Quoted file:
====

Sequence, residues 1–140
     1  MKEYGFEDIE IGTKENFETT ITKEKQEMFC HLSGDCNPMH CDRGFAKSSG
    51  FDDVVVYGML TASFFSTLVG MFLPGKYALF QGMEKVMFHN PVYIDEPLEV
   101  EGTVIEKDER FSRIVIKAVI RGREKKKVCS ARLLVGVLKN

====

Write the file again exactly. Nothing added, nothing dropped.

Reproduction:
Sequence, residues 1–140
     1  MKEYGFEDIE IGTKENFETT ITKEKQEMFC HLSGDCNPMH CDRGFAKSSG
    51  FDDVVVYGML TASFFSTLVG MFLPGKYALF QGMEKVMFHN PVYIDEPLEV
   101  EGTVIEKDER FSRIVIKAVI RGREKKKVCS ARLLVGVLKN